This project looks interesting, I like how CT can be integrated with early language and literacy development. I am wondering what is the composition of the ethnicities in your collaborating urban preschools? are there many ESL students? Also, are there collaborative activities for the students in that pattern recognizing tasks in children's books? I love that activity; looks fun!

  • Icon for: Heather Lavigne

    Heather Lavigne

    Co-Presenter
    May 5, 2020 | 02:23 p.m.

    Hi Chih-Pu,

    Thanks for sending in your question! We made a commitment early in our project to work with early childhood centers that serve ethnically and linguistically diverse populations. This includes students whose first language is not English (FLNE). While there are individual differences in ethnic composition or percentages of FLNE learners across our centers, we are committed to ensuring that the diversity of our nation's urban preschool classrooms is represented in this research.  As we've described in some of our other posts, our latest rounds of classroom research have been delayed. As we move into working with more classrooms, we'll be able to share the demographic characteristics across our participating sites. But your question is definitely on our minds as we're working and gearing up to recruit additional sites for our future research!

    If I understand your second question correctly, nearly all of the intervention's activities, whether done in large group, small group, or introduced via the app, are intended to generate dialogue with teachers and encourage collaboration between students. For example, during large group activities, children can all contribute to the creation of a story chart that models how the story follows a pattern using the available story elements. These activities suggest that teachers model the use of the story chart as children start to learn about the story patterns. In smaller groups, the teacher asks children to collaboratively contribute to the creation of the chart and to allow children to create their own stories using the same pattern.

    If you have more questions, let us know. Thanks for chatting with us!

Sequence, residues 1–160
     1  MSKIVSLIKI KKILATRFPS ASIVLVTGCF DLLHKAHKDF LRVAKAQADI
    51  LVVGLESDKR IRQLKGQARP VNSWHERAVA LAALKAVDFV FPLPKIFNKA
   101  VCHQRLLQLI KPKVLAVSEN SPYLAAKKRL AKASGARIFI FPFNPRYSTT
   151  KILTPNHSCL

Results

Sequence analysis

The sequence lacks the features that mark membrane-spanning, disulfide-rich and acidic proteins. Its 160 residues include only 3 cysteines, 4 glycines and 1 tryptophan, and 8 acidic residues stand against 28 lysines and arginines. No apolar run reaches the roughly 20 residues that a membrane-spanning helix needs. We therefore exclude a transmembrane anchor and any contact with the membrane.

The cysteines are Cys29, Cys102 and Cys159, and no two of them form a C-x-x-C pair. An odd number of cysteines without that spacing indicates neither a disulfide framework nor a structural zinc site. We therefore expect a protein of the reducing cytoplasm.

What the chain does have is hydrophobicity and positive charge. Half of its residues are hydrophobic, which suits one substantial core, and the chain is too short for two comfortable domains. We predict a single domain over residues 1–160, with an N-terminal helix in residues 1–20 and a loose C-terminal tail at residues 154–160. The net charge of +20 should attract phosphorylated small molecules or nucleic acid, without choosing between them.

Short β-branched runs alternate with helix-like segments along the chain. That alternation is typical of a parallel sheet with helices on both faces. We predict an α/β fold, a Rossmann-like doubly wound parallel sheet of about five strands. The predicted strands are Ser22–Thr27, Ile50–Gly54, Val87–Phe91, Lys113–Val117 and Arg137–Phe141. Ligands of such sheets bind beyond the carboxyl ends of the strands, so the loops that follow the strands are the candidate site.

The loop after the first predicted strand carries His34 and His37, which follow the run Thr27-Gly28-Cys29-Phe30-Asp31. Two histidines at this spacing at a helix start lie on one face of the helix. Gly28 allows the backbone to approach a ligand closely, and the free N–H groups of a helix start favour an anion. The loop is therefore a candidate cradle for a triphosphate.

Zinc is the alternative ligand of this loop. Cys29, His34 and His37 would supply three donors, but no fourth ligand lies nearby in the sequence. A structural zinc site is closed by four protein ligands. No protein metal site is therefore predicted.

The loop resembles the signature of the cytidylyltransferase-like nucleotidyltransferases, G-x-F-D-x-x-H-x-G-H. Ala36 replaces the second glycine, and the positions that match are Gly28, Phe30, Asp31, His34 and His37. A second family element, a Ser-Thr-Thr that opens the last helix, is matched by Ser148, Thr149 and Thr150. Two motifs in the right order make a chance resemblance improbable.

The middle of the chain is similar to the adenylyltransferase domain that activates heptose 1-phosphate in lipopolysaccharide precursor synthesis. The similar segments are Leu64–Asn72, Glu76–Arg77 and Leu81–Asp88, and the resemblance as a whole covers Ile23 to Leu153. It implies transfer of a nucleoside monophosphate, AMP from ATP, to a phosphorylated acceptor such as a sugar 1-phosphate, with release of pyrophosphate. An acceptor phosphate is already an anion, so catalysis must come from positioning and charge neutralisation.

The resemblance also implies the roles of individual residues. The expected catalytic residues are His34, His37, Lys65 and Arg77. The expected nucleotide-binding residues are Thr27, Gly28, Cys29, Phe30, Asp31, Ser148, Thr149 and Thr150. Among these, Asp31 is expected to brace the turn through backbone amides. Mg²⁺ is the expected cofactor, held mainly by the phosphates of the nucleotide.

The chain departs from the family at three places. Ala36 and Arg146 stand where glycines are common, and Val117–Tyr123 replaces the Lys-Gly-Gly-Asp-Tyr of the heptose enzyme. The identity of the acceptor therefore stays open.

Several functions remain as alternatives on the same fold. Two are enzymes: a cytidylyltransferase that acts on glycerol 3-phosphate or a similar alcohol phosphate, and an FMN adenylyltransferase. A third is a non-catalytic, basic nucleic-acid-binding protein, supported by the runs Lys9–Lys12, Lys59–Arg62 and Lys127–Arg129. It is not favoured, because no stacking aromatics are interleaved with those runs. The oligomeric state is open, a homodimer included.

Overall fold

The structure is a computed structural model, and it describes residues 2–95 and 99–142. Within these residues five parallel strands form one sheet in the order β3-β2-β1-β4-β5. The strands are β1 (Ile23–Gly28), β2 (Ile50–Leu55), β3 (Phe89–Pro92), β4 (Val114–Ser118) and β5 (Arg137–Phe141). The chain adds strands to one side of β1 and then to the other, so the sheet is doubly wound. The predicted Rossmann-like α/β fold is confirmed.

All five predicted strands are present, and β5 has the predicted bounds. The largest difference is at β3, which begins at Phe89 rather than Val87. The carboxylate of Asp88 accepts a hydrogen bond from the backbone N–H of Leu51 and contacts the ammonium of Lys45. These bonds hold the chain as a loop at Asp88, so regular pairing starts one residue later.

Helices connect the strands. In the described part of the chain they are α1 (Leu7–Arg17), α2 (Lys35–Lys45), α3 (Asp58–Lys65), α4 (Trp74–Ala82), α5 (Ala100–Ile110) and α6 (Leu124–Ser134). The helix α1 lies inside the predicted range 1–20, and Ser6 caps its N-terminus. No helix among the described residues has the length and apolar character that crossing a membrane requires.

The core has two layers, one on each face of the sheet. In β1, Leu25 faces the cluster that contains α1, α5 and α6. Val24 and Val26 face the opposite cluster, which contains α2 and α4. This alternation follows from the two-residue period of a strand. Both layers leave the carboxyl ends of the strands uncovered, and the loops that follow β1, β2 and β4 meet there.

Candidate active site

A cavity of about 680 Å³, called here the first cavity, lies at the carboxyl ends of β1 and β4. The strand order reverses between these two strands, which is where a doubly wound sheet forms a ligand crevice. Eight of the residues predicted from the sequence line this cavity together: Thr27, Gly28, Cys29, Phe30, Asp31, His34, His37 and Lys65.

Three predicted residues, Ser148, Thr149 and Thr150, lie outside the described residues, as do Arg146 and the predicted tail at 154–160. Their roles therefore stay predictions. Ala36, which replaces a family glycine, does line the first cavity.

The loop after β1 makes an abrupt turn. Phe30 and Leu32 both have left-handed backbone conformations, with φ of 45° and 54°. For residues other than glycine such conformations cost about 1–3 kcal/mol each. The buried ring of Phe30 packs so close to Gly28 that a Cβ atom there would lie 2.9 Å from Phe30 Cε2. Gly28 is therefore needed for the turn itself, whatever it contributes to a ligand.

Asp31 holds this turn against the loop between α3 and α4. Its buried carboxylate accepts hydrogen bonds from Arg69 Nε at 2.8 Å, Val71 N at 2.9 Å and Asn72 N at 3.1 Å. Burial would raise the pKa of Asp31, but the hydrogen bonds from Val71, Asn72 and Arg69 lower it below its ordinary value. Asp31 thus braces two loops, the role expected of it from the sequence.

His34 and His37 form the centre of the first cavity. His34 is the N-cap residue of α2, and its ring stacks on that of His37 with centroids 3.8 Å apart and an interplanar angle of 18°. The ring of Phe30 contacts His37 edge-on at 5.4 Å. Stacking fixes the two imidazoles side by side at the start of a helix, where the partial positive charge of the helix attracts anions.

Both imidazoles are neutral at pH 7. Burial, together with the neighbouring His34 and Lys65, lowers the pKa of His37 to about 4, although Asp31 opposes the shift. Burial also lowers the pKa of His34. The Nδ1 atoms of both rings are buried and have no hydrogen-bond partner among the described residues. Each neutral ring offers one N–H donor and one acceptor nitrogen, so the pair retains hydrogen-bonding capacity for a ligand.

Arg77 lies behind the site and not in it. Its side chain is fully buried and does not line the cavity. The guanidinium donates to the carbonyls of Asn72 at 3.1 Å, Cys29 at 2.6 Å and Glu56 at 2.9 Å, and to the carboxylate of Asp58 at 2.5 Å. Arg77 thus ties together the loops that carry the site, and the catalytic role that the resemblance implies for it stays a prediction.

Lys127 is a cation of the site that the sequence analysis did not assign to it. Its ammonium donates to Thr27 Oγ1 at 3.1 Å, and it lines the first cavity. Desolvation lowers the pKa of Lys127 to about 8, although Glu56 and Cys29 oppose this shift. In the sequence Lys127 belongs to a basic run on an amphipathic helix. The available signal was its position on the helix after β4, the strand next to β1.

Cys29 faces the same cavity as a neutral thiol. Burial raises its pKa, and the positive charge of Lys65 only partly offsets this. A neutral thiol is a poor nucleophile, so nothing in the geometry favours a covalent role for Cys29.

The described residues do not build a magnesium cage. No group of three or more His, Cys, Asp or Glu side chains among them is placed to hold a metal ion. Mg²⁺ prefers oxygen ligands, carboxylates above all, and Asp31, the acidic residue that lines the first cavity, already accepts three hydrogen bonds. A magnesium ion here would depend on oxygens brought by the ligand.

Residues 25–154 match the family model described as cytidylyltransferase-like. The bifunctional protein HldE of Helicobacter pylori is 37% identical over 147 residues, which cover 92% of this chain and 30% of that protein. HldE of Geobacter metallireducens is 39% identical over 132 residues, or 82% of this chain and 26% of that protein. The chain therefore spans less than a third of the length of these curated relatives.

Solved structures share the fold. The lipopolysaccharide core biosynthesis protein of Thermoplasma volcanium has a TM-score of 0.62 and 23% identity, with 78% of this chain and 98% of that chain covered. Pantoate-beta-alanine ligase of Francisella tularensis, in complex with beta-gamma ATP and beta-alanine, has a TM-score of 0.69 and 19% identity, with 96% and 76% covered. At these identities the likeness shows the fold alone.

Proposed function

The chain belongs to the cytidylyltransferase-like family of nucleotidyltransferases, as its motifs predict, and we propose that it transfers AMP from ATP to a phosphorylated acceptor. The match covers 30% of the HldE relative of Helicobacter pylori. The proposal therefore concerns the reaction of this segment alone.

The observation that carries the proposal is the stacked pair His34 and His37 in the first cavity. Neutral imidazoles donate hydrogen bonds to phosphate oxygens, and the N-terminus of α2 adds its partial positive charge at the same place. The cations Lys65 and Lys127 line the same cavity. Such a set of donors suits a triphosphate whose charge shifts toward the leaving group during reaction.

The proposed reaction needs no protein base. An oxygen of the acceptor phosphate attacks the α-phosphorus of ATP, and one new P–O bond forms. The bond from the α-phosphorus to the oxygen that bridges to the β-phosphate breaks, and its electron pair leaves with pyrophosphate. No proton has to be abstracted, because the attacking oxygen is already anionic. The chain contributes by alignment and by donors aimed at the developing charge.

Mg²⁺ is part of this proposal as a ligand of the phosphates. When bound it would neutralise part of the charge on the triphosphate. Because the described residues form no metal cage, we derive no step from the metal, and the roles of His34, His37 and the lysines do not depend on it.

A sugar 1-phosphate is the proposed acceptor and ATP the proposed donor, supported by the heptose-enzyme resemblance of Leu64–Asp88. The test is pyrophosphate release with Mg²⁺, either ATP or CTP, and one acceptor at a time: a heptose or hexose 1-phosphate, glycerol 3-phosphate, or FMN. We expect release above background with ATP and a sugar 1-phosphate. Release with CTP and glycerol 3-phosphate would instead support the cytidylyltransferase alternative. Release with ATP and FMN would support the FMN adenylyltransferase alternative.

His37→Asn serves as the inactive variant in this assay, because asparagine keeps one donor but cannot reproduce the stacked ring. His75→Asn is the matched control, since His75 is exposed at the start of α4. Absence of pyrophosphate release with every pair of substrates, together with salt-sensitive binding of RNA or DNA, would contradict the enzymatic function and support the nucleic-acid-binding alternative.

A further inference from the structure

Heather

     
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    Chih-Pu Dai
  • Icon for: Abigail Levy

    Abigail Levy

    Facilitator
    May 5, 2020 | 04:30 p.m.

    Thank you for sharing this work. I understand the frustration of being prevented by COVID-19 from not being able to test the teacher version of the app and so not being able to learn how well teachers would be able to incorporate the Story Emporium into their teaching. I'm curious what hunches you had about this, and what you were preparing yourselves to investigate?

  • Icon for: Heather Lavigne

    Heather Lavigne

    Co-Presenter
    May 6, 2020 | 10:21 a.m.

    Hi Abigail!  Thanks so much for stopping by to learn about our project!  From our prior work, we know that many early childhood educators have never received training in computational thinking so this may be a first-time experience for them.  We want the instructional supports for the Story Emporium to be informative but not overwhelming. We understand how difficult it might be to absorb it all just through reading a lot of text. We want to think creatively about how to deliver these resources in ways that incorporate visuals and other creative methods for modeling the activities in action. In our next rounds of work, we want to make sure that the instructional supports are effective in giving teachers the guidance they need to emphasize CT in the context of literacy activities. We’ve already consulted with advisors, but we are excited to work more closely with teachers and training experts to explore the best ways to deliver this content.

  • Icon for: Abigail Levy

    Abigail Levy